No-scalpel male sterilisation
How vasectomy works
Vasectomy works by stopping sperm from getting into a man’s semen. This means that when a man ejaculates, the semen has no sperm and a woman’s egg cannot be fertilised.
How vasectomy is carried out
Vasectomy is a quick and relatively painless surgical procedure. The tubes that carry sperm from a man's testicles to the penis are cut, blocked or sealed with heat. In most cases, you will be able to return home the same day.
Most vasectomies are carried out under local anaesthetic. This means that only your scrotum and testicles will be numbed, and you will be awake for the procedure. You will not feel any pain, although it may feel slightly uncomfortable.
A vasectomy has no effect on sex drive or ability to enjoy sex. You will still have erections and ejaculate normally. The only difference is that your semen will not contain sperm.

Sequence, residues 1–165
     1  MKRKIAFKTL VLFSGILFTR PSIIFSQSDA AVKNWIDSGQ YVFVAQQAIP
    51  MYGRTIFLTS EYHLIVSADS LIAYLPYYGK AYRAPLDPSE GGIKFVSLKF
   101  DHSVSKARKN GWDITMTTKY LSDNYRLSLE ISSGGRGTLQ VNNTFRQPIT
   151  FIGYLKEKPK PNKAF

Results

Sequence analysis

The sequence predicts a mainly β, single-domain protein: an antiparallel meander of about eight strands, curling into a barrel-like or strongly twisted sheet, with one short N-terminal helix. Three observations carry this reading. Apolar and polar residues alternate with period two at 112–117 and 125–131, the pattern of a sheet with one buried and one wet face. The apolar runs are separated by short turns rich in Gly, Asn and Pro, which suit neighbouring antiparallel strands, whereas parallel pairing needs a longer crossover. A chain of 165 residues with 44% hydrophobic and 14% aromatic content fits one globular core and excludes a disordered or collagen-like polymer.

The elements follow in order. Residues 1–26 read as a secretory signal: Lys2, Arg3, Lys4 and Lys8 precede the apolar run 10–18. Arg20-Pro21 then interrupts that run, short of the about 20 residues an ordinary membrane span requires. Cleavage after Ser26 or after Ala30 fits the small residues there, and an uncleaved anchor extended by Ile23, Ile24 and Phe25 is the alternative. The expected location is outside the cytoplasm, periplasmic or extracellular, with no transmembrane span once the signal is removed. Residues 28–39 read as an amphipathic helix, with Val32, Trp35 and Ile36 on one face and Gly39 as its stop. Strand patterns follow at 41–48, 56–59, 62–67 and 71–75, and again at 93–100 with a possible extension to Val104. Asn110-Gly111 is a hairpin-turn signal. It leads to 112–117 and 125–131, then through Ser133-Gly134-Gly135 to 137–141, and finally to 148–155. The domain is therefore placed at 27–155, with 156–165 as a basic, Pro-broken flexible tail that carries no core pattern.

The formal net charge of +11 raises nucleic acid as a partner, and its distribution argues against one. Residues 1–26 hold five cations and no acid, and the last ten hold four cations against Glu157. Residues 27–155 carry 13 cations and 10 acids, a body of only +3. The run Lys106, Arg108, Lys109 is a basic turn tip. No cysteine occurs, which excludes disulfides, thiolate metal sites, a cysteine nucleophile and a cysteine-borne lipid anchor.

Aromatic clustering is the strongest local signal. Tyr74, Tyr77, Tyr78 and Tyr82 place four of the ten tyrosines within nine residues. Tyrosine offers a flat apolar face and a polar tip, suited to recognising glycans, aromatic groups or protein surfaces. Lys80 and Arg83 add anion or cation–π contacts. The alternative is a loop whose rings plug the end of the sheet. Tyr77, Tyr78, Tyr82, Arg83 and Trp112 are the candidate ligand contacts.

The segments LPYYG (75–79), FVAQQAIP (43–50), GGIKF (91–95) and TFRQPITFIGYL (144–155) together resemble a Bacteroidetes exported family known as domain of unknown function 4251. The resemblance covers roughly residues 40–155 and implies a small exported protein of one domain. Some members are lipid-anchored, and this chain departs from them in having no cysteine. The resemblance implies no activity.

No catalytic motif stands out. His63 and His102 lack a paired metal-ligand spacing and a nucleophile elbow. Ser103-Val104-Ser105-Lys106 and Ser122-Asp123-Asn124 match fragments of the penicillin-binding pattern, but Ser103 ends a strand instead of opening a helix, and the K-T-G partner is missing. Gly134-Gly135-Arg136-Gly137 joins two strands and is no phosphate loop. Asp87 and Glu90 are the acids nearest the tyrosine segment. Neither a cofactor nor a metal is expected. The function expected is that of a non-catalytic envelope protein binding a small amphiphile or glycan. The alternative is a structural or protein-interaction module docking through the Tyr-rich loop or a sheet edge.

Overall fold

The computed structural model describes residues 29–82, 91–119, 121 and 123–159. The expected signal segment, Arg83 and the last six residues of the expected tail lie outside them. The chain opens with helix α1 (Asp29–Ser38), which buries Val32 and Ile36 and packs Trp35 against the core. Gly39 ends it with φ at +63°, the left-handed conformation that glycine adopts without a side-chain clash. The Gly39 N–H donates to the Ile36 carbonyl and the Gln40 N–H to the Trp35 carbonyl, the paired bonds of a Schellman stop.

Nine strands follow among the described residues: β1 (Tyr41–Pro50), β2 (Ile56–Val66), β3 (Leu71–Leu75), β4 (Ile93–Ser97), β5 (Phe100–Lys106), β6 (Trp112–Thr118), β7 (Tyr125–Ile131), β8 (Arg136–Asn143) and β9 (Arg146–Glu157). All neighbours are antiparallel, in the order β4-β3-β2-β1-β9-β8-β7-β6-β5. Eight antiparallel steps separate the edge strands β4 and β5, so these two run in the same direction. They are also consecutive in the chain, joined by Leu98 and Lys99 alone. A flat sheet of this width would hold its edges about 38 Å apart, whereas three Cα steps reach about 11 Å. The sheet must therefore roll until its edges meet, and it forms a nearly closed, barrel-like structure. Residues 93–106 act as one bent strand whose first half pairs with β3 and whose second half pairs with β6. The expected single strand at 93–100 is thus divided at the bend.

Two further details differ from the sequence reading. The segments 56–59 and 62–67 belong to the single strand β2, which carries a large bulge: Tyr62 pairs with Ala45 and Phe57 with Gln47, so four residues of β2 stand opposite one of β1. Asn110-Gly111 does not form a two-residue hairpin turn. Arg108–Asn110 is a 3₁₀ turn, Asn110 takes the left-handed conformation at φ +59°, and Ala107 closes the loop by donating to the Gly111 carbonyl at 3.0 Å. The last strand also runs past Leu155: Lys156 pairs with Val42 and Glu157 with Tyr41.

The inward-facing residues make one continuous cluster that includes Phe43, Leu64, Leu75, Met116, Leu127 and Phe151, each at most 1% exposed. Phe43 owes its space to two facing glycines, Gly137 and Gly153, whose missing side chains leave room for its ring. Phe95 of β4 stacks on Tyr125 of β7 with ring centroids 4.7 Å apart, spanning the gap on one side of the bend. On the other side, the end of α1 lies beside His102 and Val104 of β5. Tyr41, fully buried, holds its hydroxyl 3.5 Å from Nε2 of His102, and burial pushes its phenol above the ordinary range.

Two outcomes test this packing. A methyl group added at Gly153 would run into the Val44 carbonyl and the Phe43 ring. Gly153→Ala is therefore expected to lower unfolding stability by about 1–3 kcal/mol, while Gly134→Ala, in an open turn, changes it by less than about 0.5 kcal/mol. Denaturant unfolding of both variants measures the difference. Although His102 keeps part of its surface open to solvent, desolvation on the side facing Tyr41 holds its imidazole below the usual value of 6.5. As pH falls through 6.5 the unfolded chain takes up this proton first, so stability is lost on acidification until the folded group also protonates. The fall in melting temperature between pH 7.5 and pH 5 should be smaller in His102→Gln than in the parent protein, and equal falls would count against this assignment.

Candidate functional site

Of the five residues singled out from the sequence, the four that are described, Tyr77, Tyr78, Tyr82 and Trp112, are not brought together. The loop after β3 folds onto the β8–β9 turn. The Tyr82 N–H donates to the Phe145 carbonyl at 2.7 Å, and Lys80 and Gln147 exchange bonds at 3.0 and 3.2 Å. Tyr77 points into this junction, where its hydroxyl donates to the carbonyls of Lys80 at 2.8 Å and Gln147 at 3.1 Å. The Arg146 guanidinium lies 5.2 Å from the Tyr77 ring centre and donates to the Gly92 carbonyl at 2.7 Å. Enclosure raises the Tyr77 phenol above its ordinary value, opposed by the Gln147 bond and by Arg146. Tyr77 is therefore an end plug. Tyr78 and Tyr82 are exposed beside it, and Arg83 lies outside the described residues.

No-scalpel vasectomy is usually carried out under local anaesthetic. During a no-scalpel vasectomy, the doctor will feel the vas deferens underneath the skin of your scrotum and then hold them in place using a small clamp.
A special instrument is then used to make a tiny puncture hole in the skin of the scrotum. A small pair of forceps is used to open up the hole, allowing the surgeon to access the vas deferens without needing to cut the skin with a scalpel. The tubes are then closed in the same way as in a conventional vasectomy, either by being tied or sealed.
During a no-scalpel vasectomy, there will be little bleeding and no stitches. The procedure is also thought to be less painful and less likely to cause complications than a conventional vasectomy.
Recovering after the operation
It’s common to have some mild discomfort, swelling and bruising of your scrotum for a few days after the vasectomy. If you have pain or discomfort, you can take painkillers, such as paracetamol. Contact your surgeon for advice if you are still experiencing considerable pain after taking painkillers.
It’s common to have blood in your semen in the first few ejaculations after a vasectomy. This isn’t harmful.